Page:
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IoT — Home Automation

It was a dream that the home was automated. Everything could happen automatically, from switching the lights, opening, and closing of the door to the automatic surveillance systems. This dream of Smart Home or Home Automation is slowly becoming true. A smart home can be referred to as a home setup where appliances and devices can be controlled remotely from anywhere with an internet connection.

The global market share for smart home automation has reached more than $75 billion in 2020. It is estimated that this rise to $150 by 2025, at a CAGR of 11.6%. This growth is driven by various factors such as the increasing number of smartphones, less internet cost, growing the importance of monitoring homes, and the most important saving energy.

Since the number of IoT devices has been increasing exponentially, it is becoming easy to offer some great smart homes. IoT systems depend on the collection of data. The information is then used to monitor, control, and transfer data to other devices over the internet. This enables specific actions to be launched automatically whenever certain circumstances arise. Consider the smart kettle as an example. When the kettle reaches a certain temperature, it can be configured to turn off automatically.

Here are some scenarios of Smart Home

Smart Lighting

Smart lighting is all the rage these days. They can be programmed to turn on and off, as well as to adjust their strength. It is likely, however, that this might be taken a step further in the future. The lights will respond to other actions you take if you have IoT activated in your home.

The lights, for example, will react to your home theatre. When you start watching a movie, they can turn off or dim. Further, they may respond to the type of film being shown. They will, for example, switch off completely if the lights detect that you are watching a horror film, providing the necessary atmosphere.

Smart Door

Smart locks make getting into and out of your building, apartment, or dorm a breeze. Use your mobile to open your door remotely or ask a voice assistant to do it for you. This could be achieved with the aid of a mobile device or facial recognition. This can be taken a step further by having the rest of the house participate in your entry.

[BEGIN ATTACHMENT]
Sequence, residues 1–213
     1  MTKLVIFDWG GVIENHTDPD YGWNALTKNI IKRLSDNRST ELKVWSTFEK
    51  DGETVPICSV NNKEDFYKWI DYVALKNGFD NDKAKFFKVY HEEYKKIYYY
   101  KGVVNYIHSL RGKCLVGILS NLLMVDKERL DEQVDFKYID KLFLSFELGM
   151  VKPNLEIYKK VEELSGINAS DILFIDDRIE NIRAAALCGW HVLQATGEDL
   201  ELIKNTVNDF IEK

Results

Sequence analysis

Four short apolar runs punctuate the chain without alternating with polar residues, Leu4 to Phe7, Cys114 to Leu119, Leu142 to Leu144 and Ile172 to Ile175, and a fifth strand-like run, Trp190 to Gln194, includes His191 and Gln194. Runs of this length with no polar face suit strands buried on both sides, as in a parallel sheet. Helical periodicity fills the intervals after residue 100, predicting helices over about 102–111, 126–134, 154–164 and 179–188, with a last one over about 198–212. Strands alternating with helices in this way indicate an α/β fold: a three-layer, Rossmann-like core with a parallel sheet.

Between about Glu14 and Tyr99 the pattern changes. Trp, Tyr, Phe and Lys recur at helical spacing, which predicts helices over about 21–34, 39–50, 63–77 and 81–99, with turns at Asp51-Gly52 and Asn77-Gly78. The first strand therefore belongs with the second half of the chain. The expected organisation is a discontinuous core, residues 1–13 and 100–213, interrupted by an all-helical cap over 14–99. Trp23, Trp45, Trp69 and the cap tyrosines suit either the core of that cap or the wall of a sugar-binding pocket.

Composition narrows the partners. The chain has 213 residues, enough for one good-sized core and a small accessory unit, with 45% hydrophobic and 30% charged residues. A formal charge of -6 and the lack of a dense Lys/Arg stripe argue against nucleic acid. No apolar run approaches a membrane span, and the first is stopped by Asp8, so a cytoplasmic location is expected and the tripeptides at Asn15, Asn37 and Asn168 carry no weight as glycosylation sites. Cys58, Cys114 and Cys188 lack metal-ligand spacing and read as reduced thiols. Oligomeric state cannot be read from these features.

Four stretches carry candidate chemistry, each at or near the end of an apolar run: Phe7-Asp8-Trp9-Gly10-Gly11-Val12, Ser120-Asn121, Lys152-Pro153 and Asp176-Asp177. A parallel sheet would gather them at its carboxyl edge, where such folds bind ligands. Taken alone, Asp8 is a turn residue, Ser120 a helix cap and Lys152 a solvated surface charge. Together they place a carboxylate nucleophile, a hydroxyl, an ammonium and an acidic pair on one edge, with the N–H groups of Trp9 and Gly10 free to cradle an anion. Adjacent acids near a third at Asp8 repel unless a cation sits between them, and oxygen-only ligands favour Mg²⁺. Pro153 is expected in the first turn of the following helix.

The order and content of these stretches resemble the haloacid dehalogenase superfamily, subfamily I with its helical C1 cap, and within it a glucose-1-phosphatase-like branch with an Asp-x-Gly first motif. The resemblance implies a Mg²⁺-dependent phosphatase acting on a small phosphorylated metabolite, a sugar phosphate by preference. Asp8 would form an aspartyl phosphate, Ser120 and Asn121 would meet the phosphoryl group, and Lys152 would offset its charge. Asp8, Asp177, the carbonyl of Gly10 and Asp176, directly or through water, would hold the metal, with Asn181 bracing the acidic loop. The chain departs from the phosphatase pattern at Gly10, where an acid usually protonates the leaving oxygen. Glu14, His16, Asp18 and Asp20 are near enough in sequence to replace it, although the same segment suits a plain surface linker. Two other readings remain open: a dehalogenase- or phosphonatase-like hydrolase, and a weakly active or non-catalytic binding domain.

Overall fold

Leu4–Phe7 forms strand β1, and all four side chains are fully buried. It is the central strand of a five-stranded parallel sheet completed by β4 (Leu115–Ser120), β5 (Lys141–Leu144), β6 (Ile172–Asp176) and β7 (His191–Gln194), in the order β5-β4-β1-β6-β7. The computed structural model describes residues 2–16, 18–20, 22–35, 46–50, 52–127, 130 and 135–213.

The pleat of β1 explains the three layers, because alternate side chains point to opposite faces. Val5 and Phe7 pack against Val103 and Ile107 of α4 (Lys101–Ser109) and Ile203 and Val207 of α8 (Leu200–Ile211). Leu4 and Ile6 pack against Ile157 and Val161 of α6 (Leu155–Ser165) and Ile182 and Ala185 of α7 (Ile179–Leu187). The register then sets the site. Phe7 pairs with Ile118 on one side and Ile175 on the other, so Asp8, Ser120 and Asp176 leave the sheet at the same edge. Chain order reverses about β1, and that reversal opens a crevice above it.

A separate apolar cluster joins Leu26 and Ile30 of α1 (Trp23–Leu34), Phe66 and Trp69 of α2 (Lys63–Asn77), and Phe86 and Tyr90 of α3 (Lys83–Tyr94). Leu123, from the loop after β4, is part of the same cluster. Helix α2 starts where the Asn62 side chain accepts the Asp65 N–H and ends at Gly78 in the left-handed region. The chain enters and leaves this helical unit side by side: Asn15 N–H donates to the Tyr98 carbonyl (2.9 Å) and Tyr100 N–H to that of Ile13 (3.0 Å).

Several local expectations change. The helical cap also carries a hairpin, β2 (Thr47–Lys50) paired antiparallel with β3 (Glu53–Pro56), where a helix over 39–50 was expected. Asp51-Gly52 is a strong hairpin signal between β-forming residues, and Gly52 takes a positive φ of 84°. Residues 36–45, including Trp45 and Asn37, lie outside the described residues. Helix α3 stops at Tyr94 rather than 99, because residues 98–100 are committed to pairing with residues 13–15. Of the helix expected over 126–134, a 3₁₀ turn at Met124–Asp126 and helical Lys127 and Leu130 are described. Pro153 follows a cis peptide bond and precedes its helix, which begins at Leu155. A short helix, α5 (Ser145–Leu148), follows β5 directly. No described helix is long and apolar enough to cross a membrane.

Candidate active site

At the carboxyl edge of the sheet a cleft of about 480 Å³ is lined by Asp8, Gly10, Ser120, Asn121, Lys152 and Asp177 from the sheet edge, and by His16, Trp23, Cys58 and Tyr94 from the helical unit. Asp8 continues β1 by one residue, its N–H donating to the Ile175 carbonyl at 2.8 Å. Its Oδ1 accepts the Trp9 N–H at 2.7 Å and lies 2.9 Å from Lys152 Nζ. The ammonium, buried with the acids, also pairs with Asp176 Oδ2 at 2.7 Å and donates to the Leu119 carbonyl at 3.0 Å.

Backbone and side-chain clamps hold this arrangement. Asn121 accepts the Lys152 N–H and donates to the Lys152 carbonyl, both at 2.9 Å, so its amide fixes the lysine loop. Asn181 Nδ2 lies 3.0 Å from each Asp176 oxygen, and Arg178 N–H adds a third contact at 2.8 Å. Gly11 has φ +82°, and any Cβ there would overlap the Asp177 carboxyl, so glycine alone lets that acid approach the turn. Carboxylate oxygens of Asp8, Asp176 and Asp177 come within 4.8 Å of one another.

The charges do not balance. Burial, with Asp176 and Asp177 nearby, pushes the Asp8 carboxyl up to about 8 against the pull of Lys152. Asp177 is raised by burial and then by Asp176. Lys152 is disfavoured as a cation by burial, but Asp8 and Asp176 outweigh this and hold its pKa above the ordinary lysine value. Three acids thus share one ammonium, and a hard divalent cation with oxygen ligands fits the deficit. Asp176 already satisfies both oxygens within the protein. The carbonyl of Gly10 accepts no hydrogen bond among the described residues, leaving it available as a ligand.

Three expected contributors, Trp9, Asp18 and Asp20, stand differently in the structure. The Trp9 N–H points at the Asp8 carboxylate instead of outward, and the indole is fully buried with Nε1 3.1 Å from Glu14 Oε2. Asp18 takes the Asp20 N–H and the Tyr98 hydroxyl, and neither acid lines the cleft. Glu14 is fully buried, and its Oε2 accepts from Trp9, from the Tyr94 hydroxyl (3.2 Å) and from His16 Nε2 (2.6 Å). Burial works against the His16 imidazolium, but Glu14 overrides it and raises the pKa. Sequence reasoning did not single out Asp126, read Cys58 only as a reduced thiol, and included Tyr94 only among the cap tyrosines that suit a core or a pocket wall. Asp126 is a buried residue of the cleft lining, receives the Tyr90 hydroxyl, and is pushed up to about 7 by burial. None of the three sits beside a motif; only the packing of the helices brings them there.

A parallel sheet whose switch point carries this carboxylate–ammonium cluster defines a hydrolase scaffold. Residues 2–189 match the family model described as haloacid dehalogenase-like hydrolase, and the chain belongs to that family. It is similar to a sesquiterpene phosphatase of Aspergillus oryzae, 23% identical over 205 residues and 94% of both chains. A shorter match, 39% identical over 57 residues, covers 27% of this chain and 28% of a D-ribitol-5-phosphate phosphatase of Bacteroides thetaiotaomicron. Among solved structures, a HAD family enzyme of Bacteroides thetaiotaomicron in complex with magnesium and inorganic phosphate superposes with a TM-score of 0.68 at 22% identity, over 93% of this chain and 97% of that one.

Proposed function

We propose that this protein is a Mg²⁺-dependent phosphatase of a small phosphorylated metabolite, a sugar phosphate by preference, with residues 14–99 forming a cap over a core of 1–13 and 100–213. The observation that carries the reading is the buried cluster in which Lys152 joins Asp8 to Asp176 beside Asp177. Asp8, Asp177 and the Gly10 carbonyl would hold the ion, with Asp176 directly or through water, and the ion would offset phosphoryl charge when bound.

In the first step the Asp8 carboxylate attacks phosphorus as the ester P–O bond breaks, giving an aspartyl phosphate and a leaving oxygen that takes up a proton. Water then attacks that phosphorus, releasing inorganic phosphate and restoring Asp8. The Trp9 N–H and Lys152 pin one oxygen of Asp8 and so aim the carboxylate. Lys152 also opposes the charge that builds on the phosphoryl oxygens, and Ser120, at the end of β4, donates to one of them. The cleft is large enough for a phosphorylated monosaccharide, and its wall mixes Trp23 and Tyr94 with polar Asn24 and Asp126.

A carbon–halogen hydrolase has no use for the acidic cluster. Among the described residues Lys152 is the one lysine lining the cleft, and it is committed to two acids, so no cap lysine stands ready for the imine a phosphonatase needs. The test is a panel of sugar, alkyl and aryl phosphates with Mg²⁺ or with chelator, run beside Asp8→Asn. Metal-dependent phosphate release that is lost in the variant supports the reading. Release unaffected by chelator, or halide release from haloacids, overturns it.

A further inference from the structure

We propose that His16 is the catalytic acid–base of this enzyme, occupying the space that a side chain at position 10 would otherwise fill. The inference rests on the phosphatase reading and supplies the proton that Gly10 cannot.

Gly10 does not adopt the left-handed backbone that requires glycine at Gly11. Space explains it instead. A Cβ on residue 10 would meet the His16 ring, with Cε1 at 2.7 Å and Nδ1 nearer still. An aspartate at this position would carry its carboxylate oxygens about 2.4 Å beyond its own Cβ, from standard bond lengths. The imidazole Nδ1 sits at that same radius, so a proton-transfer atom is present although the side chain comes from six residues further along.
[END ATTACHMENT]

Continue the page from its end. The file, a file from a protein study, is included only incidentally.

The lights, for example, can turn on as soon as you step through the door. They can even be switched off if you are going.


Windows can get wise as well. Imagine them opening and shutting the skylights automatically as the sun rises and falls. You would also be able to schedule them to automatically close when it rains. For example, when you’re watching a movie, you should lower the curtains.


You can also use software to monitor your home thermostat from afar. You do not even need to do that in the future. When you get close to your door, the thermostat can detect it. It will then check the temperature in the room as well as the outside temperature and set the appropriate temperature for you. It might also be able to sense whether you are showering or exercising and change accordingly.

Home routines

This is my personal favorite. A significant part of the house can now be connected to smart devices. There are smart sockets that switch machines on and off automatically. Smart alarm clocks will play music or even send you the news when you wake up. Voice assistants will also monitor lighting, appliances, thermostats, alarms, and other gadgets as part of a routine. On a single command like “Hey Google, Good Morning”, a set of commands are executed. To help you get out of the grogginess, the shutters will open just before you wake up. The coffee maker will begin brewing your morning cup even before you awake. The water for your shower will be hot in the bathroom. As you drink your morning coffee, your stereo will begin to play some morning music. Your television will also turn on and view your choice news channel. And of course, the thermostat will adjust to a comfortable temperature.


Much of this, of course, will not happen immediately. The most important impediment to widespread acceptance of IoT-enabled smart homes is cost. Another big issue is privacy. Then there are the existing technical shortcomings that make it difficult to attach multiple IoT devices seamlessly.

- Written By: Subhidh Agarwal
- Edited By: Prakhar



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